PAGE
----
Celebrating the Art of Saving Art
Founded in 1969 by General Arnaldo Ferrara, the Comando Carabinieri Tutela Patrimonio or TPC was the first specialist force dedicated to combating art and antiquities crimes in the world. To this day, it remains the largest and most respected, having recuperated almost 2 million artworks in total.
An exhibition titled “The Art of Saving Art, Fragments of Italian History” is on view in Rome’s Quirinal Palace, the seat of the President of the Republic, to celebrate the Comando TPC’s 50th anniversary. President Sergio Mattarella was present at the inauguration on May 5th and recognized the immense work carried out daily by the now 300 TPC officers located all across the country.
The Minister of Cultural Goods and Activities, Alberto Bonisoli, and the General Commander of the Carabinieri, Giovanni Nistri, also attended the opening.
The show curated by Prof. Francesco Buranelli features a variety of artworks (109 in total), ranging from looted antique vases (such as the famous Euphronious Krater, a looted vase restituted to Italy by the Met in 2008) to stolen paintings by artists such as Van Gogh and Cezanne, and many more. What ties them all together is that they were successfully recuperated by the Carabinieri.
“The 300 men of the department, organized into 15 divisions, operate all across Italy and they are excellent investigators: they even have specific competencies, for example, there are archeologists, musicologists, experts on ancient languages,” comments General Fabrizio Parrulli, head of the TPC.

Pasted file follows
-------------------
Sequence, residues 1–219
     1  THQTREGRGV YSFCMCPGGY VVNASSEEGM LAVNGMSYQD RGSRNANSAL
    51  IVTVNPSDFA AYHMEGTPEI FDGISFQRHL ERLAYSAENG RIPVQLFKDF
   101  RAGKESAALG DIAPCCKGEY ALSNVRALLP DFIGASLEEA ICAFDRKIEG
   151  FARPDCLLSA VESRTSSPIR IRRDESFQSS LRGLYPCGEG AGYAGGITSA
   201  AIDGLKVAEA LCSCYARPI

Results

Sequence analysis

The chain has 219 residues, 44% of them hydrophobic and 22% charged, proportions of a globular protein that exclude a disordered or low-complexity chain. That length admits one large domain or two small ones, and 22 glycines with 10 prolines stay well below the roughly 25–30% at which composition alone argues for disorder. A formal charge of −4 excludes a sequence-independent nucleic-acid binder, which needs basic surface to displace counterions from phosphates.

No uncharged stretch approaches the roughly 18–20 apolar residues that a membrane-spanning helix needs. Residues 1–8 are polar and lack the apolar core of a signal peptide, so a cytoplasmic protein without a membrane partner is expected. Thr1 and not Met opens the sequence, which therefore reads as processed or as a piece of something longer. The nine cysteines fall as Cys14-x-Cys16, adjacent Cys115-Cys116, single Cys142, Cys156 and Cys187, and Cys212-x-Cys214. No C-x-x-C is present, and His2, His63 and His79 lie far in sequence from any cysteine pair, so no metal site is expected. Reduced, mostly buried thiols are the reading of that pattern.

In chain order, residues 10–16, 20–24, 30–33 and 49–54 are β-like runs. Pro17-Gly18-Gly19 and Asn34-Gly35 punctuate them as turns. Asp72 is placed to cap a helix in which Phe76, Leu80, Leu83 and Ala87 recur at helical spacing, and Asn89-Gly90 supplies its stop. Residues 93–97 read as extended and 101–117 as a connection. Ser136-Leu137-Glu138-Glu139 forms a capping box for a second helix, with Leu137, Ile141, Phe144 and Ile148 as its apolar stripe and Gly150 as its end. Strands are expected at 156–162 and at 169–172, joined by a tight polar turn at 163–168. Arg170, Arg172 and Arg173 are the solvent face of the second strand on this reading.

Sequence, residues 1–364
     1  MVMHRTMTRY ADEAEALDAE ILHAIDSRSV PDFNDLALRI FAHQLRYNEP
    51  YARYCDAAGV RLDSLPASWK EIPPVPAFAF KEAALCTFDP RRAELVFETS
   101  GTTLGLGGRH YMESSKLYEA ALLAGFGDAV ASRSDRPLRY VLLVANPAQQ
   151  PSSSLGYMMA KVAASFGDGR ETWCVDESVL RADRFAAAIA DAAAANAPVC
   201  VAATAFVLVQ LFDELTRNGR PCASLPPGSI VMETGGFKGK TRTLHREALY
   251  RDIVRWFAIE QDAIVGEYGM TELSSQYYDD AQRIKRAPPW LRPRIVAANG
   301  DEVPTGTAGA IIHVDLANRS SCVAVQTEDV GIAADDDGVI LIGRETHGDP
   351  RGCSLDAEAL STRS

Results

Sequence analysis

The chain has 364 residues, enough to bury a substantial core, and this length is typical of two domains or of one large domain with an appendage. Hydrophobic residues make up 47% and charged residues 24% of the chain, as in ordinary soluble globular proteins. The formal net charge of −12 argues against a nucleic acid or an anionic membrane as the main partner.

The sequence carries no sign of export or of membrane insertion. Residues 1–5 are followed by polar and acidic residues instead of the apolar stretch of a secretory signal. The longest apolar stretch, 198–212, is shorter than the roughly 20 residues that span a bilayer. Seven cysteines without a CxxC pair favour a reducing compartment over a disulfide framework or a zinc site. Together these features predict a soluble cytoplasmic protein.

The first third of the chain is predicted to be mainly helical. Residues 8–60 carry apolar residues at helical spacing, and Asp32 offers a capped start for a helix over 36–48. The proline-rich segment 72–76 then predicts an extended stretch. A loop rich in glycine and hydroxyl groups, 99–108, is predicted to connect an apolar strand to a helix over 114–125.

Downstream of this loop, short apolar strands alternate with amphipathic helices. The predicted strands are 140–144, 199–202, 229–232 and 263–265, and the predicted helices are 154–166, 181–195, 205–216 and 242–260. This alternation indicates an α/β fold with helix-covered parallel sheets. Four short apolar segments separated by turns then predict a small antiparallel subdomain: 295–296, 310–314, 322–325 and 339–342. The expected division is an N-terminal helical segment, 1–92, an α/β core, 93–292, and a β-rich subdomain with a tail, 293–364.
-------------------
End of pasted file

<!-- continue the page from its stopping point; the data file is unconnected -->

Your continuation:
The pieces are arranged into five sections in order to illustrate all the different activities carried out by Italy’s “Art Squad.” Three rooms are dedicated to the art crimes committed in Italy, one focusing on the lootings of ancient artifacts from the tombs in Cerveteri, another centered around Renaissance art, and the third showing the work of the Blue Helmets of Culture who retrieve cultural objects from areas hit by earthquakes or conflicts.
The Carabinieri of the TPC work all over the world, as art crimes are at times part of larger cases often involving criminal organizations and therefore transcend national borders. Their expertise also provides valuable specialized support to peace-keeping missions in war-torn areas such as Iraq from 2003 to 2006 and now in various areas across the Middle East, where important cultural heritage sites are being torn down during armed conflicts and by extremist militant groups wishing to send a message.
The work they carry out is extremely important because by protecting our cultural heritage they help to preserve our identity.
Another particularly interesting aspect of the exhibit is that each object is presented alongside the story of its disappearance and retrieval, which oftentimes seems to be taken right out of a mystery novel or heist movie.
The final section of the show looks to the future and also to the works that are still missing, such as the Nativity by Caravaggio, which was stolen from a Church in Palermo in 1969 and remains lost to this day, though a sophisticated digital reproduction hangs in its place, awaiting the return of the original.
“We hope that the bill to raise the penalty for art theft goes through so that we may have more tools at our disposal,” explained Gen. Parulli.
The exhibition will be on view in the Palazzina Gregoriana of the Quirinal Palace in Rome through July 14, 2019. To visit you must reserve your tickets beforehand on the website of the Quirinale.